Thomas Sampson


Windows Aero InterfaceAfter experiencing a very slow response time from my laptop today I checked out the task manager to see if anythign obvious was stalling my system. After ordering my memory usage the process “dwm.exe” was close to the top, consuming about 40mb of memory. At first I was worried that this was some mallicious program running in the background, especially after my attempts to kill the process, resulted in it re-creating it’s self straight back into task manager. However during the kill / re-creation of the process I noticed that the whole windows explorer interface moved around and looked very strange, then returned to normal after a few seconds. After some research I found that this process is simply responsible for the Aero Glass interface within Windows Vista and keeps all the transparency and interface running smoothly (in theory).

This file is NOT a security threat!!

It does however seem to use a lot of memory, and I assume (although I haven’t tried) that the process is non existent when running Vista in classic mode.

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Small dissapointment in Vista

After making the leap into the world of Windows Vista (via purchase of a new tablet pc) I have been very impressed as a whole and especially its vast improvement on networking! However I was let down by the apparent removal of some advanced tools which myself and other power users are used to. While developing an application I wanted to configure filetypes of a certain extention to open specifically in my program but with extra parameters (command line) and to configure how they were presented in in the context menu when right clicked in windows explorer.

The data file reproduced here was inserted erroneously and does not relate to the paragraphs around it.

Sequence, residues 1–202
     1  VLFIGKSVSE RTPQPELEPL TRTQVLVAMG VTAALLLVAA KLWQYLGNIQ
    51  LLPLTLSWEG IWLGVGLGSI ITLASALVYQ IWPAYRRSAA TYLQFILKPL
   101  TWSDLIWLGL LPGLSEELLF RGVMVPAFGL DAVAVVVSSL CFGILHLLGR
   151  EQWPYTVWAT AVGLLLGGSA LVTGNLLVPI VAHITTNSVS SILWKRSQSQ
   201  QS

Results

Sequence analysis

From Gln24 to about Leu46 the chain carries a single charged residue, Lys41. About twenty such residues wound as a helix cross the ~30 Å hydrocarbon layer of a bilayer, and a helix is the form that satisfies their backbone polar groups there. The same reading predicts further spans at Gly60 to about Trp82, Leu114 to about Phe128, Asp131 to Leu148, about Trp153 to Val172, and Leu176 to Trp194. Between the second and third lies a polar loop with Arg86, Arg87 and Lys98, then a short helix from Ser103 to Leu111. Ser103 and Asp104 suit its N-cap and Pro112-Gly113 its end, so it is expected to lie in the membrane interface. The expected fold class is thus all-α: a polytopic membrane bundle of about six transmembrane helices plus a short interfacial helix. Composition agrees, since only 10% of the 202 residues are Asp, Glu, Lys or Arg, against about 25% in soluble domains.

This was a simple enough proceedure in XP and was found in the “file types” tab of the “folder options” area. However after research and much wasted time I discovered that this functionality to edit the advanced properties of file types does not exist within Vista, or atleast does not appear to exist with any managable UI.

It is therefore dissapointing that the only way to achieve this advanced manipulation over file types is to download non-Microsoft software named

Creative Element Power Tools.

This software re-enables full control over file types and their properties in addition to a wealth of file / UI enhancements. And NO SPYWARE WHATSOEVER! I expected some of the features to be restricted or require registration but all worked out of the box, such as

  • file comparison
  • deleting of “in-use” files
  • file date changing
  • file contents to clipboard etc

Did Microsoft suddenly decide that the end user did not require this functionality?? Or perhaps im completely wrong and this functionality is hidden somewhere deep inside the over simplified menus of the control panel?? In conclusion, should it really be up to third parties to provide features which appear to have been dropped with a new “more advanced” operating system?